MicroRNAs (miRNA) are short non-coding RNAs which act to regulate expression of genes driving numerous cellular processes. These RNAs are secreted within exosomes from cells into the extracellular environment where they may act as signaling molecules. In addition, they are relatively stable and are specifically expressed in association to certain cancers making them strong candidates as biological markers. Moreover, miRNAs have been detected in body fluids including urine, milk, saliva, semen, and blood plasma. However, it is unknown whether they are secreted by embryonic cells into the culture media. Given that miRNAs are expressed throughout embryonic cellular divisions and embryonic genome activation, we hypothesized that they are secreted from the embryo into the extracellular environment and may play a role in the developmental competence of bovine embryos. To test this hypothesis, bovine embryos were cultured individually from day 5 to day 8 of development in an in vitro fertilization system and gene expression of 5 miRNAs was analyzed in both embryos and culture media. Differential miRNA gene expression was observed between embryos that developed to the blastocyst stage and those that failed to develop from the morula to blastocyst stage, deemed degenerate embryos. MiR-25, miR-302c, miR-196a2, and miR-181a expression was found to be higher in degenerate embryos compared to blastocyst embryos. Interestingly, these miRNAs were also found to be expressed in the culture media of both bovine and human pre-implantation embryos. Overall, our results show for the first time that miRNAs are secreted from pre-implantation embryos into culture media and that miRNA expression may correlate with developmental competence of the embryo. Expression of miRNAs in in vitro culture media could allow for the development of biological markers for selection of better quality embryos and for subsequent successful pregnancy. PMID:24795753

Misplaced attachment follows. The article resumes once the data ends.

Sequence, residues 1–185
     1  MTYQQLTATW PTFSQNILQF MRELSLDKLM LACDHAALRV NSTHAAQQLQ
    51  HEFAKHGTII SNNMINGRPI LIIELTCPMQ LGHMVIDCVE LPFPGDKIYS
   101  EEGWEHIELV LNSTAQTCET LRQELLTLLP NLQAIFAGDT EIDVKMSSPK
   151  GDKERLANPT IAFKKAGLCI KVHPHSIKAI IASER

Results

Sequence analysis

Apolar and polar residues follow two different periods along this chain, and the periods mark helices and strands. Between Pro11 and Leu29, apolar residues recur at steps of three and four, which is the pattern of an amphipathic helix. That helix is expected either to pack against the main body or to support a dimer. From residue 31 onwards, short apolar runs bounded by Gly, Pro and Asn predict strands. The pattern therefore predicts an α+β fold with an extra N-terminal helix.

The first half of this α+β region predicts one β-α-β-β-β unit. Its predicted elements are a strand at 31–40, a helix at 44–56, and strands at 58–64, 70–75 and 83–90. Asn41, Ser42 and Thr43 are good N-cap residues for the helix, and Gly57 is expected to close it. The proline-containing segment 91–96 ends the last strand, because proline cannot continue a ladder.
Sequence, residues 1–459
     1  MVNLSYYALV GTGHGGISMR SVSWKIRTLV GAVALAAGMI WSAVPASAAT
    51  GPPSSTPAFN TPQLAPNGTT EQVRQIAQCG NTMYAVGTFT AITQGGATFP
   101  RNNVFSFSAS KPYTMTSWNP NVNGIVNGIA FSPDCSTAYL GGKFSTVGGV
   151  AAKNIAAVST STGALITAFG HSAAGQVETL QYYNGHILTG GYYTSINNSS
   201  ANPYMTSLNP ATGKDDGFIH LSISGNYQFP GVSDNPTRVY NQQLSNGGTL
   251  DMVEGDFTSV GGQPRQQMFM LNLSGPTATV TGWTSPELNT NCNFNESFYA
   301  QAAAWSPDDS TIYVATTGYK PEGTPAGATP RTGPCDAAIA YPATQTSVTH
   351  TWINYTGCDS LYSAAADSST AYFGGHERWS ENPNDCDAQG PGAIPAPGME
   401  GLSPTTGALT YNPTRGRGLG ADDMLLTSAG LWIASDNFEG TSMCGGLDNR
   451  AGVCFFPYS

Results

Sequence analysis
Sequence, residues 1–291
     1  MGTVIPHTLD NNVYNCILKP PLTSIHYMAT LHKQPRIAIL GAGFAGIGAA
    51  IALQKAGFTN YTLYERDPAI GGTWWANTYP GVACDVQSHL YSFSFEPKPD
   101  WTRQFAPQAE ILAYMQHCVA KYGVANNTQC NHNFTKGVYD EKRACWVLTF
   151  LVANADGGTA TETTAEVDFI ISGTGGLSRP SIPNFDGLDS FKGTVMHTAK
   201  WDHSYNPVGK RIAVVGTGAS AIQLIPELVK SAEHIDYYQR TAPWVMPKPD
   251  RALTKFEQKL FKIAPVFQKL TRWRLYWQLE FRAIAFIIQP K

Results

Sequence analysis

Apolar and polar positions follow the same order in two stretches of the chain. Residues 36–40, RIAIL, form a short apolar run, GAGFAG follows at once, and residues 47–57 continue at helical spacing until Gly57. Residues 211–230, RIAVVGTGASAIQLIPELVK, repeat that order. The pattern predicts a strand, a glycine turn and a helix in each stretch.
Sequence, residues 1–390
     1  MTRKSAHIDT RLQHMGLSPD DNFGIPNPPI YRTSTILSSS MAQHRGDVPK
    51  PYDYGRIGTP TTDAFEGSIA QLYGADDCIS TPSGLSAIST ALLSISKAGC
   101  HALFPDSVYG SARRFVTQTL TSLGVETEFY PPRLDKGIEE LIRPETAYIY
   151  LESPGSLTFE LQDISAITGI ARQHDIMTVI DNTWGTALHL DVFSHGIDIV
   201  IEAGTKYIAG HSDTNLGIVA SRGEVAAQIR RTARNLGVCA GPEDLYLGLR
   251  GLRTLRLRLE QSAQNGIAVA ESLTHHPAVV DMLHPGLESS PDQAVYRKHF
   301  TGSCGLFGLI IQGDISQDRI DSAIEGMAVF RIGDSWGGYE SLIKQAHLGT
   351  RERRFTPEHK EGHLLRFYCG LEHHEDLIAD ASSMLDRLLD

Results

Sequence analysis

9. Melatonin protect the development of preimplantation mouse embryos from sodium fluoride-induced oxidative injury.

    Science.gov (United States)

    Zhao, Jiamin; Fu, Beibei; Peng, Wei; Mao, Tingchao; Wu, Haibo; Zhang, Yong

    2017-09-01

    Recently study shows that melatonin can protect embryos from the culture environment oxidative stress. However, the protective effect of melatonin on the mouse development of preimplantation embryos under sodium fluoride (NaF) induced oxidative stress is still unclear. Here, we showed that exposure to NaF significantly increased the reactive oxygen species (ROS) level, decreased the blastocyst formation rates, and increased the fragmentation, apoptosis and retardation of blastocysts in the development of mouse preimplantation embryos. However, the protective of melatonin remarkable increased the of blastocyst formation rates, maintained mitochondrial function and total antioxidant capacity by clearing ROS. Importantly the data showed that melatonin improved the activity of enzymatic antioxidants, including glutathione(GSH), superoxide dismutase(SOD), and malonaldehyde (MDA), and increased the expression levels of antioxidative genes. Taken together, our results indicate that melatonin prevent NaF-induced oxidative damage to mouse preimplantation embryo through down regulation of ROS level, stabilization of mitochondrial function and modulation of the activity of antioxidases and antioxidant genes. Copyright © 2017 Elsevier B.V. All rights reserved.

  10. Sex and PRNP genotype determination in preimplantation caprine embryos.

    Science.gov (United States)